GIT with just 20 employees, excels in integration, and even before smart streetlights, they had also developed Smart Parking Meter.
In May of this year, they secured a project in which Hong Kong Telecom and French traffic ticket company Flowbird signed a contract to deploy over 10,000 Smart Parking Meter on the streets of Hong Kong in 2020. The hardware integration solution for these Meter is provided by Green Ideas Technology(GIT).
This Smart Parking Meter eliminates the need for parking attendants to record and collect fees for roadside parking. Instead, it automatically calculates parking time and payment amounts through the radar and license plate recognition system installed in the meter. It integrates with the payment backend, allowing vehicle owners to make payments directly using credit cards or mobile payment methods.
Integration may sound abstract, but it is the key to making things happen.
In order to enable communication between hardware devices, Green Innovation has developed communication technology that ensures a large number of smart streetlights won't disconnect or experience data transmission issues when Wi-Fi networks become congested. CEO of GIT, jessitsay, gives an example: when transmitting data, if one path is interfered with, it needs to automatically find the next path. If not properly designed, it's like trying to squeeze three people through a bridge that can only accommodate one person at a time, and the system will immediately encounter problems. This is based on their past experience with implementing smart streetlights on campuses, a process that involved trial and error.
In the era of 5G, these innovations from startups are enabling everyday objects around us to communicate with each other.
In the movie 'Avengers: Endgame,' each superhero is in a different location, but their 3D avatars can appear simultaneously, holding face-to-face meetings. To achieve this scene, one of the key technologies is real-time 3D video recording.
In the past, creating just 1 minute of 3D video required at least 24 to 60 cameras, a significant amount of post-production work, and took one month to produce, with costs reaching nearly one million New Taiwan Dollars. This limited its application in various fields. However, now, for 1 minute of 3D video, they only need one sensor, it takes only 1 to 2 weeks, and the cost can be kept under 30,000 New Taiwan Dollars, which is approximately only about 3% of the previous cost.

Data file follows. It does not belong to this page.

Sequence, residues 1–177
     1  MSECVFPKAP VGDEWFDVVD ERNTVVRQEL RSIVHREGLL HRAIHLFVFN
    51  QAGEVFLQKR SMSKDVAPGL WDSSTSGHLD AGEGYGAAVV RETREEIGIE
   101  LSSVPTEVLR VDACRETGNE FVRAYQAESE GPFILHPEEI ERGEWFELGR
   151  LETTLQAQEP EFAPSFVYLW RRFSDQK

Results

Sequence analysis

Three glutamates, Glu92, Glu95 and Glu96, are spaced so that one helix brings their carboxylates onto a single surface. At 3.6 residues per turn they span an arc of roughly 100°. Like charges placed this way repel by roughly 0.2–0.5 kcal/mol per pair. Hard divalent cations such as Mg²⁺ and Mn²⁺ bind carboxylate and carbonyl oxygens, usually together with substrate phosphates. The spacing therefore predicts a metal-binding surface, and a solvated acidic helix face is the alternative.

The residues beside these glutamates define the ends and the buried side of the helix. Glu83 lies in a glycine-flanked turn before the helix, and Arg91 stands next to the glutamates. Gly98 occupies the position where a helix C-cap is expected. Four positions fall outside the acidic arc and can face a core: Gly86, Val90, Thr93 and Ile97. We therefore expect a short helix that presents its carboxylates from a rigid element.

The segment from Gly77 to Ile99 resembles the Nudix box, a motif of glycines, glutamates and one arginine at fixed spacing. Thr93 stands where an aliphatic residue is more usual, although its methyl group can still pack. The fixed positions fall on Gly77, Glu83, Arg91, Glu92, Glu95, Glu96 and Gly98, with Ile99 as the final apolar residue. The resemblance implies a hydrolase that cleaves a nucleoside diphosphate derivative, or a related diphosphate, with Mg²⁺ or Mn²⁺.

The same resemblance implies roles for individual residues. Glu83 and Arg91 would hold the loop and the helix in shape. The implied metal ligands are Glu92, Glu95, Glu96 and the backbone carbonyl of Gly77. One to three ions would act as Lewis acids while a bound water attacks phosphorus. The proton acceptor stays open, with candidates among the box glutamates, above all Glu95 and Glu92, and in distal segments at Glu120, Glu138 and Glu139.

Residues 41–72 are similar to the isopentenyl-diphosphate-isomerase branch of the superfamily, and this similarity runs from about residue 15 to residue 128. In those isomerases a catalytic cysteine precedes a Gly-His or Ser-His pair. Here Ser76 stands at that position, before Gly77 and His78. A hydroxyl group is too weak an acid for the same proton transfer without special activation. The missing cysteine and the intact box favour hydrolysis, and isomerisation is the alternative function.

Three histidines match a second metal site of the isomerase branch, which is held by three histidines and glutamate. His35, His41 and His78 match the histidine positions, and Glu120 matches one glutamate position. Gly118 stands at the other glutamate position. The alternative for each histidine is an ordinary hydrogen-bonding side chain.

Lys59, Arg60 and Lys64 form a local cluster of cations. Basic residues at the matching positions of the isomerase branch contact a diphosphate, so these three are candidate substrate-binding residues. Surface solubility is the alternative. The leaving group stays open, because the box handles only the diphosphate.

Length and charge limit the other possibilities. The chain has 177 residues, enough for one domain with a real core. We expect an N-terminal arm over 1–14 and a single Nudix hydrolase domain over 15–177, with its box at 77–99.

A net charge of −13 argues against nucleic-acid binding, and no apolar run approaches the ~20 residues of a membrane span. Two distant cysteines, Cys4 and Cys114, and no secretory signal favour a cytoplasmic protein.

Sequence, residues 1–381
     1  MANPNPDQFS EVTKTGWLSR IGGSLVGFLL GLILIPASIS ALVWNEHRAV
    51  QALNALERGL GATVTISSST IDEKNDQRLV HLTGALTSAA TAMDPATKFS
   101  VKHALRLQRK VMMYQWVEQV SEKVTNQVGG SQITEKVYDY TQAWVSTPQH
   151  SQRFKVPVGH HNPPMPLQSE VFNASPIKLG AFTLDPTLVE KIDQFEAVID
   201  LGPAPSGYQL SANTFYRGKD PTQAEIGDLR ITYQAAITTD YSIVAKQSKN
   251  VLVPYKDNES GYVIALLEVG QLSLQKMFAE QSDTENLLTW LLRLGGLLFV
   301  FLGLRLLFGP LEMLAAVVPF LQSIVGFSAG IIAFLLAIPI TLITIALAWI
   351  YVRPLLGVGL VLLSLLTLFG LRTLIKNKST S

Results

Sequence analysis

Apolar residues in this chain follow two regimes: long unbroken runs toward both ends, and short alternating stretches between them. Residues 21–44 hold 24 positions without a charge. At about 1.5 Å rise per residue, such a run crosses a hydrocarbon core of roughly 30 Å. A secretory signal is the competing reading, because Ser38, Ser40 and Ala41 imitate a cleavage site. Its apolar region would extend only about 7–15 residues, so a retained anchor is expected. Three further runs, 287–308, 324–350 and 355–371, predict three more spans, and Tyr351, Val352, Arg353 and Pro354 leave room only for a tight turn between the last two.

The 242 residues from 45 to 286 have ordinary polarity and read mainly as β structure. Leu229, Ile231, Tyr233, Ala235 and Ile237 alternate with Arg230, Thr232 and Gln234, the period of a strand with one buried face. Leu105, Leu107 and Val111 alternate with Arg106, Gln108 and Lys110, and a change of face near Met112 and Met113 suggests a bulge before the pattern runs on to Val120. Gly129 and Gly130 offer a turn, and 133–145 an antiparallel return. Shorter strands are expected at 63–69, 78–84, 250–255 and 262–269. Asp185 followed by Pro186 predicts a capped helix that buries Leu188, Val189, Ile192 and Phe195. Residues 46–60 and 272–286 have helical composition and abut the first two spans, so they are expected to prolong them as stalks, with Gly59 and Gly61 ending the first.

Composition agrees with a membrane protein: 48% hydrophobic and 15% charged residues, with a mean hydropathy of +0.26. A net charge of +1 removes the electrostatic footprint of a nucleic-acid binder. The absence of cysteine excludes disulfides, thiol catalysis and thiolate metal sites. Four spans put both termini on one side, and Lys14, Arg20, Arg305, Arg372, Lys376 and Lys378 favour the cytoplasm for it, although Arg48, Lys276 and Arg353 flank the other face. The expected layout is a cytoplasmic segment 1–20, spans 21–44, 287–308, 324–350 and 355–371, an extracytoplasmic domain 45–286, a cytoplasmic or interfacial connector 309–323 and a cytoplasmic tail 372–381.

We hope that everyone can easily create 3D images," says Wu Zhe-an, the 30-year-old co-founder of Aemass, a startup specializing in 3D video systems, who studied computer graphics in the United States. He believes that 3D imaging is undeniably the most important media format of the next generation. Technologies like VR (Virtual Reality), AR (Augmented Reality), and 360-degree videos all require 3D imaging. However, the key is to lower the barriers to entry for this technology.
With the advent of the 5G era, whether through smartphones or AR glasses, the 3D images we see can be more refined and realistic. People will become more accustomed to watching videos from a 3D perspective.
Aemass's technology does not rely on traditional motion sensing but rather uses AI algorithms to replace expensive cameras and post-production processes.
Take, for example, the creation of a 3D video of Jolin Tsai dancing. They start by scanning Jolin Tsai's 3D model using a camera in a 360-degree scan. Then, using the same machine, they record her dance, even if it's only recorded from the front. AI algorithms can automatically fill in the missing details. In the future, the audience can still enjoy a 360-degree view of Jolin Tsai dancing, significantly reducing the cost and time required to produce 3D animation.
In this way, in the future, with just a smartphone equipped with a depth-sensing camera and Aemass's software, anyone can easily create 3D images.
At this stage, a U.S. bathroom fixtures manufacturer has already tested their technology to model products, allowing consumers to use their smartphones to simulate how a product would look in their space. Users can point their phones at a location, select a product, and experience how it would appear in their home. They can even freely adjust the product's size and choose different viewing angles. Moreover, in the future, this technology could be used to create models of product endorsers, enabling 3D celebrity avatars to stand next to products and demonstrate how to use them.
This is the kind of futuristic sci-fi world we used to imagine as kids," says Wu Zhe-an.